For affirmance and withholding entry of judgment -- Chief Justice Weintraub and Justices Jacobs, Francis, Proctor, Hall, Schettino and Haneman. Opposed -- None.
The defendant Robert T. Conklin was tried on charges, inter alia, of having murdered Oliver Lindsay Clarkson and his wife Ethyl Williamson Clarkson. The jury found him guilty of murder in the first degree without recommendation of life imprisonment and he was sentenced to death on each of the two murder charges. He appealed to this Court as of right and raises seven points of alleged error, all addressed substantially to the death sentences rather than the finding of guilt.
Sometime before November 21, 1968 the defendant Conklin who was 32 years of age, and his companions John Matthew Sheridan aged 20 and David Willetts aged 17, made plans to rob the Clarksons and burglarize their home in Tuckahoe. Conklin had done some carpentry work and had watched a baseball game with Mr. Clarkson on a television set at the Clarkson home. He knew that the Clarksons were in their sixties and believed that they kept substantial sums of money at home. He had suggested the Clarkson place to his two companions as a likely one for the criminal venture and during the evening of November 21 the three of them, fully armed, set out from Ocean City for Tuckahoe in a car driven by Sheridan. They arrived at the Clarkson home and Conklin was the first to enter. He did not wear a stocking mask although his companions did. He carried a .38 caliber revolver which belonged to Willetts but which Willetts had turned over to him before they entered the house. Mr. Clarkson
was beaten, tied up and fatally shot in the neck. Mrs. Clarkson was beaten and fatally shot in the top of the head. The house was ransacked and set afire and the three then left with their loot for Ocean City.
Although the defendant had given the State a voluntary statement in which he had denied participation in the killings, the State's evidence on its own case overwhelmingly established the contrary. When the defendant took the witness stand in his own defense he abandoned his earlier denial and stated that he had fired his gun in order "to scare Mrs. Clarkson" and had hit Mr. Clarkson by accident. He testified that he did not remember how Mrs. Clarkson was killed. But as part of the State's case there was ample direct testimony on that subject by both Sheridan and Willetts who had, prior to the trial, entered pleas of non vult on the murder charges against them.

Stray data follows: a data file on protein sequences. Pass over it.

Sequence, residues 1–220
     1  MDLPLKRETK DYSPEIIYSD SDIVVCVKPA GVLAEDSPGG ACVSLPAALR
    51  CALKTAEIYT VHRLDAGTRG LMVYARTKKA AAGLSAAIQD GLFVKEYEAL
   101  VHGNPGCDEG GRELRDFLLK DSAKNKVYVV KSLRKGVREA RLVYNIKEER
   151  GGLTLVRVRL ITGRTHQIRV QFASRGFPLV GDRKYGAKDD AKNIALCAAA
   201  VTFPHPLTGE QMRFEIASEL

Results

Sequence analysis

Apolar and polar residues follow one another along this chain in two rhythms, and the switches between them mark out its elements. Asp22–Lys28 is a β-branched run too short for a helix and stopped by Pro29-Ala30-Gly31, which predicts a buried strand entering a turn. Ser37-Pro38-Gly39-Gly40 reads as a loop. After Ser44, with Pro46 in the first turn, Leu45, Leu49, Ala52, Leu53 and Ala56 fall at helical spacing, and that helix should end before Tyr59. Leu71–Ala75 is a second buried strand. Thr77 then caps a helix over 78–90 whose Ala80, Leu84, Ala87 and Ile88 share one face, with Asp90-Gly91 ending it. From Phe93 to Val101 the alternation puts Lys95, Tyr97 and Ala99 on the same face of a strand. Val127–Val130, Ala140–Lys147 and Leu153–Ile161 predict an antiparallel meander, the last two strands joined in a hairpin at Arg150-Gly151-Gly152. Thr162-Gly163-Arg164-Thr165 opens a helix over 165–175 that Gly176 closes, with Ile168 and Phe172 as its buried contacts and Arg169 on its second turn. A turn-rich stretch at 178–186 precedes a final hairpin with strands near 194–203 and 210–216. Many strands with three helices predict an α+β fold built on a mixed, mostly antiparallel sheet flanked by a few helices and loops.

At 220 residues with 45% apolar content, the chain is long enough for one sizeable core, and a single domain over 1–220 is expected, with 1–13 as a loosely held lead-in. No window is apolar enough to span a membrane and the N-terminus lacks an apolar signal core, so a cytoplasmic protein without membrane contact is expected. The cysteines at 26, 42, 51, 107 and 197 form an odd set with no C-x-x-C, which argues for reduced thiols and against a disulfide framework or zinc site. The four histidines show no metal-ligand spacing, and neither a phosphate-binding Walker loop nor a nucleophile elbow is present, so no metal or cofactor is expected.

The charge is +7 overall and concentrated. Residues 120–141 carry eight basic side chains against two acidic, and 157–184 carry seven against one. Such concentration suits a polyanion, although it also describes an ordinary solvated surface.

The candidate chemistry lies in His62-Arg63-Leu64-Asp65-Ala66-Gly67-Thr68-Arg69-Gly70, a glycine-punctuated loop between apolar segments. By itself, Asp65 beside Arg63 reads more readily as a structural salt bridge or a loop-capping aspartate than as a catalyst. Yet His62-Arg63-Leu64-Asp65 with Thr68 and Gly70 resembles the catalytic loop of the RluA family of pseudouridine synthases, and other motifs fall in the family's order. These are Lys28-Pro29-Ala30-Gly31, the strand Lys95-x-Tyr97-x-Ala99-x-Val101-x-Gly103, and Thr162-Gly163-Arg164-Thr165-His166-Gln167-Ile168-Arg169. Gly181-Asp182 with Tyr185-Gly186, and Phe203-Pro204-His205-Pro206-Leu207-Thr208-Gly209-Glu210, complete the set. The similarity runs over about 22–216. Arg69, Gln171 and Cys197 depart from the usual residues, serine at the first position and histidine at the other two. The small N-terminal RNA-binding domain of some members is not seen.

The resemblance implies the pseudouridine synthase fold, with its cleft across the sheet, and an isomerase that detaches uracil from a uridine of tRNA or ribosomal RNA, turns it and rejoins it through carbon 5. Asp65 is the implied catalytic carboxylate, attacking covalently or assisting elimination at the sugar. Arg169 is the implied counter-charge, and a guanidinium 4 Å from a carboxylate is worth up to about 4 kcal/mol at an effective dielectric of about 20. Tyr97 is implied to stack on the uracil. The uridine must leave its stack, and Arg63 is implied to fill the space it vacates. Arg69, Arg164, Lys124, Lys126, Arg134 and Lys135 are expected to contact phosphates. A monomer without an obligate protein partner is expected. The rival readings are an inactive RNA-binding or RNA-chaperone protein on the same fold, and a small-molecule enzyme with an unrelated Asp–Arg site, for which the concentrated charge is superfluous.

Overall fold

Sheridan testified that while he was downstairs in the house Mrs. Clarkson, unclothed, came down the steps from the upper floor, followed by the defendant with the .38 caliber revolver in his hand; that the defendant sent him upstairs to search for valuables and while there he heard several shots; that he came down and saw that both of the Clarksons had been shot; that at that point the defendant told him that "Mr. Clarkson was hit by accident"; and that later the defendant told him that after Mr. Clarkson had been shot, Mrs. Clarkson had said, "I know you" and that he then "had to shoot her." Willetts testified that he went into the kitchen and heard shots from the living room; that he returned to the living room where the defendant told him that he had "killed the old man"; and that at that point the defendant put the .38 caliber revolver on the top of Mrs. Clarkson's head and said "Should I? I have got to" and he pulled the trigger.
In his own testimony the defendant said that when he entered the house Mr. Clarkson asked him what he was doing there. The defendant said he then hit Mr. Clarkson with his hand and when he heard Mrs. Clarkson shouting upstairs he
went upstairs and hit her with the pistol "with all I could throw behind it." He stated that he later shot Mr. Clarkson accidentally while intending to frighten Mrs. Clarkson and that he had no recollection as to how Mrs. Clarkson had been shot. He denied that Mrs. Clarkson had said she knew him but fully acknowledged his participation in the robbery and that he had set the couch afire before he left the Clarkson home. He denied that shortly after the killings he had threatened his accomplices and others, as several witnesses for the State had testified, but acknowledged that he had threatened Willetts while in jail.
Although the trial court could have submitted the case to the jury under both the felony murder (N.J.S.A. 2A:113-1) and the premeditated murder (N.J.S.A. 2A:113-2) statutes it confined itself, with the State's consent, to felony murder. See State v. Mayberry, 52 N.J. 413, 432 (1968), cert. den., 393 U.S. 1043, 89 S. Ct. 673, 21 L. Ed. 2 d 593 (1969). Its charge properly instructed the jury that if the evidence established beyond reasonable doubt that the killings occurred during the course of a robbery in which the defendant participated then its verdict must be guilty of murder in the first degree, with or without recommendation of life imprisonment as the jury in its discretion determined. N.J.S.A. 2A:113-4; see State v. Mathis, 47 N.J. 455, 466-68 (1966). The jury found the defendant guilty of murder in the first degree and under the evidence and the charge it could not properly have found otherwise. The jury also found, after deliberation, that there should not be any recommendation of life imprisonment and, accordingly, the mandated death penalty was imposed. In his effort to have the death penalty set aside and replaced by life imprisonment the defendant advances points of alleged error which will be dealt with in the order set forth in the brief submitted on his behalf by the Public Defender.
The defendant's first point attacks the admission of three photographs as "more prejudicial than probative." The photographs were in ...